This past Thursday, Sept 27, 2012, the Israeli Prime Minister Benjamin Netanyahu warned the United Nations General Assembly that Iran will have amassed enough enriched uranium by next summer to produce its first nuclear weapon. He emphasised that the international community ought to draw the line to halt Iran’s nuclear enrichment programme, a message he dramatically illustrated by literally marking a red line through a cartoonish diagram of a bomb. In this short article I will argue that Netanyahu’s speech was specifically geared towards the American political elite and will not change the UN member states’ foreign policies towards Iran.
After almost a decade of continuous negotiations and enforced sanctions on Iran by the United Nations to halt its nuclear programme, the country still has not altered its course in amassing enriched uranium and is refusing to make any concessions. Despite alarming reports published by the International Atomic Energy Agency on Iran’s nuclear capabilities, the international community has decided to continue its current course of diplomacy and keep enforcing sanctions on the country. Prime Minister Netanyahu perceives the situation to be more urgent, and argued at the UN General Assembly that Iran would be a very serious threat to the entire international community if it were to acquire a nuclear weapon; ‘‘to understand what the world would be like with a nuclear-armed Iran, just imagine the world with a nuclear-armed Al-Qaeda’’.
In response, Iranian officials refuted what they called ‘’baseless and absurd allegations’’ and stated that Iran’s nuclear programme is exclusively peaceful and solely for the purpose of generating electricity. Earlier in the week at the United Nations General Assembly, the Iranian Prime Minister Mahmoud Ahmadinejad had denounced the United States for ignoring Israel’s nuclear capability whilst at the same time trying to halt Iran’s peaceful nuclear ambitions. The country’s deputy ambassador, Eshaq al-e-Habib, compared Netanyahu’s speech to that of former Secretary of State Colin Powell, who accused Iraq of having weapons of mass destruction before the United Nations in 2003 – which ultimately turned out to be a false claim based on little evidence.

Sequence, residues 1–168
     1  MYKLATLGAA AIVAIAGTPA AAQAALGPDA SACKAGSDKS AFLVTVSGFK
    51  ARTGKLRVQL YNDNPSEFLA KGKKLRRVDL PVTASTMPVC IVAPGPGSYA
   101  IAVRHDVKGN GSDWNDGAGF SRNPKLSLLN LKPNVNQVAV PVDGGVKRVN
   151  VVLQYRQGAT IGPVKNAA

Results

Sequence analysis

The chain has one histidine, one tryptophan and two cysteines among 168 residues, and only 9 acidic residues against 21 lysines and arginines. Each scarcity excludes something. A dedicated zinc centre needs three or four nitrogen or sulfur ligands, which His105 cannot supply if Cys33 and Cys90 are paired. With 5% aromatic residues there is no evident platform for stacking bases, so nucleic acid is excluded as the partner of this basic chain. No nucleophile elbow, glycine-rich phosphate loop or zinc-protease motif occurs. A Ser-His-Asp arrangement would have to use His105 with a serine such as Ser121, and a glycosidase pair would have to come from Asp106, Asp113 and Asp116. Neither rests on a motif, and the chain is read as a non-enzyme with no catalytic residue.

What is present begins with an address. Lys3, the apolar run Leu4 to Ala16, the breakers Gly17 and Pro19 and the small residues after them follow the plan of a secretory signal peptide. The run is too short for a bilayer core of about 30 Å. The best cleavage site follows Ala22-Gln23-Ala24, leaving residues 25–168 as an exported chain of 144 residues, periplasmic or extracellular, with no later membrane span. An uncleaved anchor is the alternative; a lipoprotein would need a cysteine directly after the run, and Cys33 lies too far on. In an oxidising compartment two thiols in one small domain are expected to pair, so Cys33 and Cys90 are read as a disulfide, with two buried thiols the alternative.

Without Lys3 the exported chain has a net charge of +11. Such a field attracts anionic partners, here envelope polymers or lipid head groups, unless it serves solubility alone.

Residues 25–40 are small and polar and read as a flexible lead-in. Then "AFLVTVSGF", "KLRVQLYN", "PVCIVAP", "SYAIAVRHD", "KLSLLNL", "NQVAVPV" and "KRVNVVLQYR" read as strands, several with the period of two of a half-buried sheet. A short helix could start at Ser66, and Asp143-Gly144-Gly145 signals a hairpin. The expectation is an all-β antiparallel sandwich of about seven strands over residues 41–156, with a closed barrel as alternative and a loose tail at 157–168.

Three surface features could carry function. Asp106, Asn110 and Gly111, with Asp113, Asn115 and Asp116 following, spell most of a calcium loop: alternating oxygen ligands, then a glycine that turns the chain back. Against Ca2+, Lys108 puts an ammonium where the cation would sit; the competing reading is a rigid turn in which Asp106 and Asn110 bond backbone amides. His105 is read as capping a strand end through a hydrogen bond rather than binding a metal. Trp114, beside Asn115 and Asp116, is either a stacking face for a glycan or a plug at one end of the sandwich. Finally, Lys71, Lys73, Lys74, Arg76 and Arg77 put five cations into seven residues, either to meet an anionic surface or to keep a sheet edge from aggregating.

Though Benjamin Netanyahu’s rhetoric about the immediate danger of a nuclear-armed Iran did not significantly differ from previous ones, the speech did in fact have a softened tone specifically to appease the Obama administration. In mid-September, the Prime Minister had argued that the United States had no ‘’moral right’’ to hold back Israel from taking affirmative action since President Obama had refused to set a deadline on negotiations with Iran. With the widening gap between Barack Obama and Mitt Romney in the presidential polls, Israel will endeavour to remain on the incumbent administration’s ‘’good side’’ rather than hope for a more hawkish US government. For this reason, Netanyahu took the pressure off the Obama administration by pushing the deadline for a potential military intervention to next year.
The White House later issued a statement underlining that the United States completely agrees with Israel on the importance of preventing Iran from obtaining a nuclear weapon and reaffirming that the United States is unshakably committed to Israel’s security. However, the United States stated it believes that this should be done through a continuation of negotiations and sanctions rather than military action. The permanent members of the UN Security Council concur that diplomacy is the preferred course of action to taking drastic measures in order to prevent an escalation of the conflict. The Israeli newspaper Haaretz published a report the same day, stating that the international sanctions already imposed on Iran are in fact having a deep impact on the country’s economy and may have even slightly destabilised their government.
The Permanent Five do not dispute Prime Minister Netanyahu’s claim that Iran will have amassed enough uranium to manufacture a nuclear bomb, but insist that if Iran wanted to convert its uranium to bomb-grade fuel, –which requires a much higher purity than that of Iran’s enriched uranium at the moment – the government would have to throw out the nuclear inspectors and take steps in the nuclear enrichment process that would be easily noticeable.
Prime Minister Netanyahu’s speech is not only a warning to the international community about Iran’s future nuclear capability, but it is also a way to show the world that Israel has adopted a different attitude in reacting to the potential nuclear threat. Mr Netanyahu’s stance is more Obama-friendly because of the expectation that Israel would be more likely to have the United States’ support in future international disputes if President Obama gets re-elected. Since Israel has now set the deadline for military intervention to summer 2013, UN member states are expected to keep their current foreign policy of enforcing sanctions on Iran and to continue negotiations.
 Rick Gladstone and David E. Sanger, ‘’Nod to Obama by Netanyahu in Warning to Iran on Bomb’’ New York Times, September 27th, 2012. http://www.nytimes.com/2012/09/28/world/middleeast/netanyahu-warns-that-iran-bombmaking-ability-is-nearer.html?pagewanted=1&_r=0&ref=middleeast
 David Jackson, ‘’Obama speaks to Netanyahu, pledges support of Israel’’ USA Today, September 28th, 2012. http://www.usatoday.com/story/theoval/2012/09/28/obama-speaks-to-netanyahu-pledges-support-of-israel/1600441/
 Gladstone and Sanger, ‘’Nod to Obama by Netanyahu in Warning to Iran on Bomb’’.